Give your relationship a boost by following these easy tips from the experts
Relationships are never easy, but with a little help and some expert relationship advice you can get yours back on track.
What was the last thing you rowed with your partner about? What to watch at the cinema? Why they didn’t take the bins out? It sounds familiar doesn’t it… Occasionally those niggles run deeper though and what was a quarrel can snowball into something more deep-seated.
In the heat of an argument, it sometimes feels like the only way to resolve the issue is through a mediator. That’s all good and well but unless you are undergoing face-to-face couples counselling to address long-standing problems, no one has instant access to an arbiter. Or do they?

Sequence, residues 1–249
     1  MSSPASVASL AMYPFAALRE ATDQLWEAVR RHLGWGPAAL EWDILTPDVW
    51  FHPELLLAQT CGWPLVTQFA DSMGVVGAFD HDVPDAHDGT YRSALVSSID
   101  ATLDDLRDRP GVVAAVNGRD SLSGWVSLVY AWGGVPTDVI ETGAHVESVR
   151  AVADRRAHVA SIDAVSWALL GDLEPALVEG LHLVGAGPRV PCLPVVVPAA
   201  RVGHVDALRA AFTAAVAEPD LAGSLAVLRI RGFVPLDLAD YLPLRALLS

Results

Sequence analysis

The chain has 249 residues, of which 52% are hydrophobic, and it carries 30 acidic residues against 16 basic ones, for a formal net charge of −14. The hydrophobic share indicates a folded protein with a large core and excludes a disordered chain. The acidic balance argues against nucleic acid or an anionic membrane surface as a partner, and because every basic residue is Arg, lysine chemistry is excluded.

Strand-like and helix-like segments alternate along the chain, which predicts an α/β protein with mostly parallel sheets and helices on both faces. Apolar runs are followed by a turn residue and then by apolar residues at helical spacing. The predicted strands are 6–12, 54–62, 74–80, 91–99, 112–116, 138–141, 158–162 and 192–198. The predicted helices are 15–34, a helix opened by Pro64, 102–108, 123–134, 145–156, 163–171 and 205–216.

We’ve stumbled upon ‘Couples Counseling‘, an app which leads the pack when it comes to relationship rebuilding. Open up the app on your phone and it gives you a direct line to a live therapist who is on call to answer questions and share their expert relationship advice.
Aimed at improving communication between couples, in the first instance the therapist can literally step in to break down the ‘he said/she said’ argument piece by piece. And once the initial sting is removed, the app also allows you to send predefined messages to your partner on the go, browse general relationship advice and keep a handy list of observations about where your relationship is at.
So why not download Couples Counseling to your phone when the waters at home are calm so that next time tempers rise, you can reach for the therapist in your pocket and let them step in…
Want more relationship advice? We’ve chatted to the experts to help solve all your relationship concerns…